I see your $55-a-share bid and raise you $5 a share. Pilgrim's Pride (NASDAQ:PPC) just raised the pot for packaged meats and desserts specialist Hillshire Brands (NYSE:HSH) to $6.7 billion, in a high-stakes, winner-takes-all poker game being played out against Tyson Foods (NYSE:TSN), which bid $6.1 billion.
Since Tyson previously trumped Pilgrim's original $45-a-share offer for the owner of Jimmy Dean sausage and Sara Lee desserts, it now comes down to who will call whose bluff. Regardless of who blinks first, it's clear a side deal for Hillshire to acquire Pinnacle Foods (NYSE:PF), a transaction that originally set the poker match in motion, now seems likely to fold, as both Pilgrim's and Tyson require the packaged consumer products company to scuttle the offer.
Hillshire Brands has a portfolio of products that tend to be the leading brands in their respective categories. For example, Jimmy Dean breakfast sausages have the top market share in the space, as does Ball Park franks, State Fair corn dogs, and Aidell's super premium sausages, helping Hillshire generate some $4 billion in revenue in 2013. While retail sales were up 3.2% in the third quarter as higher prices were able to offset falling volume, segment operating income surged 20% year over year, explaining why both Pilgrim's and Tyson were eager to go all-in on acquisition.
Branded goods like those stocked by Hillshire carry higher margins, a particularly attractive option for the meat processors who've faced rising costs from commodities, feed, and the animals themselves. The pork market, for example, has literally been decimated, as one in 10 piglets has succumbed to porcine epidemic diarrhea virus, or PEDv. Cattle herds are at levels they haven't been seen since 1951, causing beef prices to surge to record highs.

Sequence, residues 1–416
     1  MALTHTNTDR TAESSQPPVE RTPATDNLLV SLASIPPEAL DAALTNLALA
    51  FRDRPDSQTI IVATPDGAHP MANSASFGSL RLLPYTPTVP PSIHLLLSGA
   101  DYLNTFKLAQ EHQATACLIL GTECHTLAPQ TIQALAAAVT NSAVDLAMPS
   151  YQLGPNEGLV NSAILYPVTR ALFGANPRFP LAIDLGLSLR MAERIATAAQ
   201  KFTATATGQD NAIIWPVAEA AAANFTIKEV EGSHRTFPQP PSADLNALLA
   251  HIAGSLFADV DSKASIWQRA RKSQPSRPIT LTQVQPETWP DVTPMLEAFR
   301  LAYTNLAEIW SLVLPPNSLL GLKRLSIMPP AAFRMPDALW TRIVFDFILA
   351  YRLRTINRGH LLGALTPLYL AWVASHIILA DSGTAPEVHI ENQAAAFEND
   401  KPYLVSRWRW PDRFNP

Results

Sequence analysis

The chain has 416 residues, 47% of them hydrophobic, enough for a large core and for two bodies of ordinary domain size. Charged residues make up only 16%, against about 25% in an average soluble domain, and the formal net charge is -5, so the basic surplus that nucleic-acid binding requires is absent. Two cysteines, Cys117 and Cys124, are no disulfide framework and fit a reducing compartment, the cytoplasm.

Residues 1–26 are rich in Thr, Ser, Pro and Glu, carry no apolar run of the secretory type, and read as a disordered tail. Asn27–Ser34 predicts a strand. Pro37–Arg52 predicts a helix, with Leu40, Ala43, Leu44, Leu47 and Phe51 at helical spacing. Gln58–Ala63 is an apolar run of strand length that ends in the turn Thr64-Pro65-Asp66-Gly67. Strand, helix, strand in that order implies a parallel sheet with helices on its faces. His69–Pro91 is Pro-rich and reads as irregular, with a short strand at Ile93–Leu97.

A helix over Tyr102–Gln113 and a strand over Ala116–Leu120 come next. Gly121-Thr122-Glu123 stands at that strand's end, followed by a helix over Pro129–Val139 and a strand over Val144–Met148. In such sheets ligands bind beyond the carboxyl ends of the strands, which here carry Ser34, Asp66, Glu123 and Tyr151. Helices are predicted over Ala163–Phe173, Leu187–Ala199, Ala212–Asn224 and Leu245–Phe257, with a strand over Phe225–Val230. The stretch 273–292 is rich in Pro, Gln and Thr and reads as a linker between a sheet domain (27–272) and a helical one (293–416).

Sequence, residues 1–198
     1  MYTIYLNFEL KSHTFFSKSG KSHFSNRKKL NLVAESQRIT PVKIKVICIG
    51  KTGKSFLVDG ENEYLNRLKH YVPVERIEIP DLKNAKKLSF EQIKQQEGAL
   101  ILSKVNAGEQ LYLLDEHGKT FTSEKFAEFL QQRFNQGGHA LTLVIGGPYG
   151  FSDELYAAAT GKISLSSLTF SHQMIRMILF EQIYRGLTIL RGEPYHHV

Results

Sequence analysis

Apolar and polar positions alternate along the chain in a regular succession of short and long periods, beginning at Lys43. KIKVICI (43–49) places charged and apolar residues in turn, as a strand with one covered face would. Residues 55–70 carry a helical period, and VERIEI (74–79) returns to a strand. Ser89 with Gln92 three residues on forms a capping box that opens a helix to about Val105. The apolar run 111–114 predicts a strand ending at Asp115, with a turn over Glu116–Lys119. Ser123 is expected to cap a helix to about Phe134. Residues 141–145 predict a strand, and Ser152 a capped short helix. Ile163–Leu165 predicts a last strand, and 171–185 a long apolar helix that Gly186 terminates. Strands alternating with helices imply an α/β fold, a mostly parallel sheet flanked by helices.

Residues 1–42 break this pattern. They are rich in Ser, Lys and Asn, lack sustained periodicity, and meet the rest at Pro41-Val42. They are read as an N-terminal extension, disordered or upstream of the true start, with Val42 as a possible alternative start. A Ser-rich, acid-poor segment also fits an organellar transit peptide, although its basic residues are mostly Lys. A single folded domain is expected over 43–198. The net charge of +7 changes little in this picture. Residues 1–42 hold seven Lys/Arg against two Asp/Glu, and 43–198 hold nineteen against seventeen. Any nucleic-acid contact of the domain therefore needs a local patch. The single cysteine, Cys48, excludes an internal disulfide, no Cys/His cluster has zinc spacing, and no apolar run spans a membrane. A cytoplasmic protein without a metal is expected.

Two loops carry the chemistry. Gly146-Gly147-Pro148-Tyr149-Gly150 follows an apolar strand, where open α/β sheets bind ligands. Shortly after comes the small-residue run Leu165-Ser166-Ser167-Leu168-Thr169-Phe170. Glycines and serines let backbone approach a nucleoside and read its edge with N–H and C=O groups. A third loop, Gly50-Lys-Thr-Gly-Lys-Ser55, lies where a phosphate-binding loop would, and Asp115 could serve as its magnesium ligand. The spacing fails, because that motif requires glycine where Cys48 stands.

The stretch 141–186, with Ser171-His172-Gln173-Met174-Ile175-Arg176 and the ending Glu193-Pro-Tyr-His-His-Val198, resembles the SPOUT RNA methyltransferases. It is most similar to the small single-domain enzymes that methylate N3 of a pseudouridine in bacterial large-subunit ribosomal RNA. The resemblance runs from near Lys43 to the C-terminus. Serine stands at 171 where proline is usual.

Brazilian meat processor JBS (OTC:JBSA.Y), which bought 75% of Pilgrim's Pride in 2009, has been making acquisitions to further integrate its meats into the U.S. market and sees the Hillshire takeover as a means of padding its profits in a way that simply selling private-label meat products to supermarkets, a typically low-margin business, can't do.
For its part, Tyson no doubt wants to pad its own prepared foods business. It is the top poultry producer with a 21% market share, ahead of Pilgrim's second place 18% share; it is the No. 1 beef producer at a 23% stake in the market, compared with JBS at 21%; and it is second in pork production behind Smithfield Foods, itself a recent acquisition target.
Prepared foods, however, account for only 10% of revenues but just 7% of its operating income, so a profitable portfolio of branded products would provide a needed boost to the business.
A deal with either Pilgrim's or Tyson makes more sense strategically than Hillshire's $4.3 billion bid for Pinnacle, the owner of brands like Vlasic and Bird's Eye, despite its CEO's comments about how complementary meat and vegetables are. But with Pilgrim's now offering as much as Hillshire's market value is worth, a 49% premium to where the stock was trading before the bidding war began, it is now becoming a richly valued target and likely bumping up against a ceiling here.
Tyson may increase the bid slightly, or otherwise sweeten the pot, but I don't think we'll see any more big bets here, and the meat processor could just as easily fold its hand.